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Coplanarity condition

The previous results show that as few as four cross-line offsets might be sufficient to ``capture'' all the useful propagation paths, when the range of cross-line offset dips for the downward continuation is properly defined. However, boundary artifacts caused by either reflecting or circular boundary conditions are unavoidable when such a narrow range of offsets are used to propagate the data. The effects of boundary artifacts are more obvious in the full source-receiver migration results (Figure [*]) than in the narrow-azimuth migration results (Figure [*]), but, as I discuss in Biondi (2001), they might also become a problem when narrow-azimuth downward-continuation is used with constant sampling in the cross-line offset wavenumber (dkyh). A potential solution to the problem caused by boundary effects can be the use of absorbing boundary conditions. However, effective absorbing boundary conditions require the addition of several grid points, and consequently can cause a substantial increase in the computational cost.

Fortunately, the boundary artifacts can be effectively attenuated by applying a post-processing filter on the prestack image that preserves only the events for which the source and receiver rays are coplanar at the imaging point. This condition must be fulfilled by all the events that are correctly focused at zero offset because two lines passing through the same point are coplanar. The coplanarity condition can be easily applied on the prestack image after transformation into the Fourier domain, possibly at the same time that ADCIGs are computed using a 3-D generalization of the method described by Sava and Fomel (2003), as presented in Tisserant and Biondi (2003).

The coplanarity condition can be derived by simple geometric considerations starting from the common-azimuth condition expressed as Biondi and Palacharla (1996):  
\widehat{k_{y_h}}= k_{y_m}\frac{\sqrt{
 ...{{\bf s},z})} - 
\left(k_{x_m}-k_{x_h}\right)^2 }}.\end{displaymath} (1)
where $\omega$ is the temporal frequency, kxm and kym are the midpoint wavenumbers, kxh is the in-line offset wavenumbers.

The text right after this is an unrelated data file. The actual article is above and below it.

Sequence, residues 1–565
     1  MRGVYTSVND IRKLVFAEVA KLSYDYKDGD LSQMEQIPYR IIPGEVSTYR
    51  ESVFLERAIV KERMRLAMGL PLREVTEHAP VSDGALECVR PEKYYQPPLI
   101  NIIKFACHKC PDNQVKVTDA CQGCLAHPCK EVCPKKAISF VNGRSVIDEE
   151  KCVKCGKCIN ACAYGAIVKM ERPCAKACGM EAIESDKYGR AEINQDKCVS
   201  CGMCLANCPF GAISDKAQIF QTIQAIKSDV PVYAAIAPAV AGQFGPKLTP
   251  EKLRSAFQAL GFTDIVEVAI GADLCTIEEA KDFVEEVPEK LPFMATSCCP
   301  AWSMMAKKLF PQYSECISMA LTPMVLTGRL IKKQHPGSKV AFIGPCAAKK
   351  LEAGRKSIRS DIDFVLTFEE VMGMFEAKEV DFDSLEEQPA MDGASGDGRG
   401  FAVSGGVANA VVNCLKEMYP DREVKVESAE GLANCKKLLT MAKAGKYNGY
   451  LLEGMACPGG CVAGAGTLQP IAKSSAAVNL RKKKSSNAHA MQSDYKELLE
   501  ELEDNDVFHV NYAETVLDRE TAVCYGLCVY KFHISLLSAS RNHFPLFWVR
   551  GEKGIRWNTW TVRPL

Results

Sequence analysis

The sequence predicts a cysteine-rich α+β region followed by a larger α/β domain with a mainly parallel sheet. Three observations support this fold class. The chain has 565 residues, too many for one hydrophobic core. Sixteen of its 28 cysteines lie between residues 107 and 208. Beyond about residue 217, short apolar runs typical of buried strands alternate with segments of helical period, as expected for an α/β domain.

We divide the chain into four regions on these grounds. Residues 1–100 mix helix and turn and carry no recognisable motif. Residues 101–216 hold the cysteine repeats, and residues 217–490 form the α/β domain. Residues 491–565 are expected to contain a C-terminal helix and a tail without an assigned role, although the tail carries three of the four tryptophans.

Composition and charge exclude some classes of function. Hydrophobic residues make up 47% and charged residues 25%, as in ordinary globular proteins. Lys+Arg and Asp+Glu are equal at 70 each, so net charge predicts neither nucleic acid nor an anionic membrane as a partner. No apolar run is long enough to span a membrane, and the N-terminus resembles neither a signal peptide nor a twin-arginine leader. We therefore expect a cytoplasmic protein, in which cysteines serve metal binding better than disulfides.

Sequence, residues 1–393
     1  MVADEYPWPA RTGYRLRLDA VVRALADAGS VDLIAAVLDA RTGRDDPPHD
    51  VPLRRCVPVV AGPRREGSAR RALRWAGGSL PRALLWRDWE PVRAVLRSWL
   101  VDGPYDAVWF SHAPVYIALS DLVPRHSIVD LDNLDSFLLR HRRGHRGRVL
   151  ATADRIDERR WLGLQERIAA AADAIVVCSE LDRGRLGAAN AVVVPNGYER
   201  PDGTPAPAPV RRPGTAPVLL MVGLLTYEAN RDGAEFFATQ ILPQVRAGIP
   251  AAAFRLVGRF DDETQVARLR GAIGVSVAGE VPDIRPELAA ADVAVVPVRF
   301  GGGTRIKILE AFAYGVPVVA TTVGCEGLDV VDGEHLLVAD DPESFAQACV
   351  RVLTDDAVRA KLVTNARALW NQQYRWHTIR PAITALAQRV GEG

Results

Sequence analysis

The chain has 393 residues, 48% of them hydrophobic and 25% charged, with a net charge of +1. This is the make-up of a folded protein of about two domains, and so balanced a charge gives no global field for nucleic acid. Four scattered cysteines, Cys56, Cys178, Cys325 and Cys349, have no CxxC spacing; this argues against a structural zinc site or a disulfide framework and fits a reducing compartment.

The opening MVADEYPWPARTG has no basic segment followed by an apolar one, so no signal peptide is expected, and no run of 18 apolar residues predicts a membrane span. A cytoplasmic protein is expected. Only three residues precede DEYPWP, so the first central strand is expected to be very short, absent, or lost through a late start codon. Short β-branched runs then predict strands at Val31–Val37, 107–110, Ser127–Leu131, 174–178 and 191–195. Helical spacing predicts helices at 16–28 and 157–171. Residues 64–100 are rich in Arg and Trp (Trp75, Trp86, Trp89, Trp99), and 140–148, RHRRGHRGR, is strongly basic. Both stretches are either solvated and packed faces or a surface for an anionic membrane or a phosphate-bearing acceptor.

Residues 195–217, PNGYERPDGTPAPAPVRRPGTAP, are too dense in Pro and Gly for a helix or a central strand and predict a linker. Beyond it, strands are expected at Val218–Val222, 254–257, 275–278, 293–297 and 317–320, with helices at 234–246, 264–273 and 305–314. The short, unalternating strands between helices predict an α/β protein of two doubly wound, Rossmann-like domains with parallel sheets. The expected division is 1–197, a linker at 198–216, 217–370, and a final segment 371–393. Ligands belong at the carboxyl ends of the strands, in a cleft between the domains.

As for the common-azimuth condition, the coplanarity condition can be expressed as a relationship that links the cross-line offset wavenumber kyh to the other wavenumbers in the image. For events with azimuth aligned along the in-line direction (xm in my notation), the expression of the coplanarity condition is:  
k_{y_h}=\frac{k_{y_m}k_{x_m}k_{x_h}}{k_z^2 + k_{y_m}^2},\end{displaymath} (2)
where kz is the vertical wavenumber.

The condition expressed in equation (2) can be easily generalized to be valid for an arbitrary azimuthal direction $\beta$Tisserant and Biondi (2003). The wavenumber axes are rotated by $\beta$ in both the midpoint wavenumber plane $\left(k_{x_m},k_{y_m}\right)$and the offset wavenumber plane $\left(k_{x_h},k_{y_h}\right)$.

As discussed in Tisserant and Biondi (2003), in a prestack image each event fulfills the coplanarity condition for one value of the azimuth. However, streamer data illuminate the reflectors only within a fairly narrow azimuthal range. Therefore, the coplanarity condition can be used to remove from the prestack image all the events that are imaged outside a given azimuthal range. For example, if we image only events within a range of $\pm 22.5$ degrees, we will remove the 75 % of the events in the image that are least likely to be real reflection events.

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